Friday, September 28, 2012

FBI informant Solomon Dwek faces sentencing next month

Solomon Dwek, the FBI informant who became the linchpin in the government's biggest corruption sting in New Jersey history will be facing the music for his own misdeeds next month when he is sentenced at US District Court in Newark.

Back in 2006, Dwek ran a real estate ponzi scheme and was caught depositing a fraudulent $25 million check at a drive by bank window.  The next day he returned depositing another fraudulent check for the same amount as he was wiring money out.

FBI informant Solomon Dwek at the 2010 trial
of Jersey City Deputy Mayor Leona Beldini


An excerpt from from the Star Ledger story:

After his arrest, Dwek secretly entered into a cooperation deal with the U.S. Attorney and became an undercover informant. He spent three years wearing a wire for the FBI as part of a sweeping corruption and money-laundering sting that targeted politicians, candidates for office, religious figures in his Orthodox community, and ultimately a man who arranged black market kidney transplants.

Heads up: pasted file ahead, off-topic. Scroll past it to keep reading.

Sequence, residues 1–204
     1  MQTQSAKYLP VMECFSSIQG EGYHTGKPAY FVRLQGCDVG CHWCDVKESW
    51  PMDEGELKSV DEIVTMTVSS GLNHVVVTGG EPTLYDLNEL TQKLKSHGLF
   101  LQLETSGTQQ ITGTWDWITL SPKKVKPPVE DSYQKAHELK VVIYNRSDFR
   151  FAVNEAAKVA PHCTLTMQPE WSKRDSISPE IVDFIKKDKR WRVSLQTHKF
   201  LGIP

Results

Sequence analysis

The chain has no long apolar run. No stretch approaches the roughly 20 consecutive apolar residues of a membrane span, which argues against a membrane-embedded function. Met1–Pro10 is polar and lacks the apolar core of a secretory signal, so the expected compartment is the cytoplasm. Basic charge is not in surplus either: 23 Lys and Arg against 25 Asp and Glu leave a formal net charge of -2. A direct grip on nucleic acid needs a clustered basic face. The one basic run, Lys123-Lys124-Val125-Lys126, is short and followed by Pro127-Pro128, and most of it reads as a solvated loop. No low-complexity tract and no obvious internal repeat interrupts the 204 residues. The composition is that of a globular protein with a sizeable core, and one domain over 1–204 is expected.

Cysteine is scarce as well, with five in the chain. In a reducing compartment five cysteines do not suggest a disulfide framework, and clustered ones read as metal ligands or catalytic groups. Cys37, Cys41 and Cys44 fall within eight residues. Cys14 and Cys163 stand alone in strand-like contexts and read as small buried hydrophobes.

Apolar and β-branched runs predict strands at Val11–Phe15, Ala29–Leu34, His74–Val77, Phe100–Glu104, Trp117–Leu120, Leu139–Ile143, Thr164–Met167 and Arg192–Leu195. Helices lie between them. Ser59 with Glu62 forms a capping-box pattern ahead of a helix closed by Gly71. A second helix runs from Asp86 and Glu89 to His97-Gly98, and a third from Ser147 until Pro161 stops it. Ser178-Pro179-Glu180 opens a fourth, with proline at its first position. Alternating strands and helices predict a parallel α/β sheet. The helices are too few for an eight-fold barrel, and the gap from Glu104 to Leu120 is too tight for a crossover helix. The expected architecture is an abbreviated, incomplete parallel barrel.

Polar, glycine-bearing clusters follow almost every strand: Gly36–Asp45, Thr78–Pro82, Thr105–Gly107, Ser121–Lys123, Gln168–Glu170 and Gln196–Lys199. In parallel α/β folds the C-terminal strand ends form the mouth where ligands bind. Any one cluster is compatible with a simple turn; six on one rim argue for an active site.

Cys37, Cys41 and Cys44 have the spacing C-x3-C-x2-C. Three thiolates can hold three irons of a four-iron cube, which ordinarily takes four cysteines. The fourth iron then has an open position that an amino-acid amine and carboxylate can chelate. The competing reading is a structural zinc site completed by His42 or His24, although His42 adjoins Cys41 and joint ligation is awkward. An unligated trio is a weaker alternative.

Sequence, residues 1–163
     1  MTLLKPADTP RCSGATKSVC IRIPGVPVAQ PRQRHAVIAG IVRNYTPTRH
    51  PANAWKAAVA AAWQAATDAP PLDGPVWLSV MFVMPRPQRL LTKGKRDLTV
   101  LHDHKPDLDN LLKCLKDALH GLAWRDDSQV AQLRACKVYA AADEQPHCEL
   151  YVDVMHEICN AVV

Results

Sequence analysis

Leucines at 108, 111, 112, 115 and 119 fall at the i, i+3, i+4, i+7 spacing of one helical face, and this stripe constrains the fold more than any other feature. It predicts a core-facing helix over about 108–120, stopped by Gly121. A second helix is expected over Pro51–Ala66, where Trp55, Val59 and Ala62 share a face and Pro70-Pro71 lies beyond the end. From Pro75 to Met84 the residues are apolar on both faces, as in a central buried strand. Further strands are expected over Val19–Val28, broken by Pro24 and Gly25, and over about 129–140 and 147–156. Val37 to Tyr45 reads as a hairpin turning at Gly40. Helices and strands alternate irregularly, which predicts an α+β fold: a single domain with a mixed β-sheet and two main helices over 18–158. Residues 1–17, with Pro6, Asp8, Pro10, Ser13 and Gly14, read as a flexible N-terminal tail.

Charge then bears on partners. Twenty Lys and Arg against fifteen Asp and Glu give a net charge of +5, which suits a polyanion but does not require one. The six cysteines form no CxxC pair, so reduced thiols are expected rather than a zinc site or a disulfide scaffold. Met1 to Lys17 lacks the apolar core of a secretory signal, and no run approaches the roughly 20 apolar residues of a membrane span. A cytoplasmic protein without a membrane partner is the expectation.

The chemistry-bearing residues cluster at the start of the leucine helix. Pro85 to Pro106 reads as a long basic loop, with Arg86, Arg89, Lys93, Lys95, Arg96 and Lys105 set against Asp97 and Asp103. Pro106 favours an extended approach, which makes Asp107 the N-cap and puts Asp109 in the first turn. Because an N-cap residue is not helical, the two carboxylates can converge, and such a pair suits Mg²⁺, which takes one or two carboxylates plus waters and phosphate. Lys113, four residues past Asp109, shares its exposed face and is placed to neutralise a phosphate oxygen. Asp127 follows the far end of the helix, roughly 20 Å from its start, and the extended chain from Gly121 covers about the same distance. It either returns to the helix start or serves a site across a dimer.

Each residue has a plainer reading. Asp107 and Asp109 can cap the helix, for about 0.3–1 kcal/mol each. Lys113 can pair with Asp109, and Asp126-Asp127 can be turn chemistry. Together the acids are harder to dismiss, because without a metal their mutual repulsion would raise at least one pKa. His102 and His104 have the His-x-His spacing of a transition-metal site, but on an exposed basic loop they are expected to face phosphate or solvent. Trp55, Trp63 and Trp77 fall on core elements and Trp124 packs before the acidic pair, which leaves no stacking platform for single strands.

Posing as a corrupt developer, he offered cash bribes to dozens of elected officials and candidates for office to expedite phony real estate projects. At the same time, he set up former business partners, rabbis and others who helped him launder millions more through religious charities and organizations.
The sting became public in July 2009, when three mayors, two legislators, five Orthodox rabbis and dozens of others were arrested in a case that made national headlines.

Dwek hopes his three year efforts on behalf of the government will see a reduced sentence from his plea deal of nine to eleven years.

It's also been three years since Dwek made his rounds in Hoboken and Hudson County.
Ted Sherman's, a co-author of "The Jersey Sting" has filed the full story for the Star Ledger:

http://www.nj.com/news/index.ssf/2012/09/fbi_informant_solomon_dwek_to.html

Talking Ed Note: Horse Sense gets the feeling that as one door closes, another opens.

Photo courtesy NJ.com by arrangement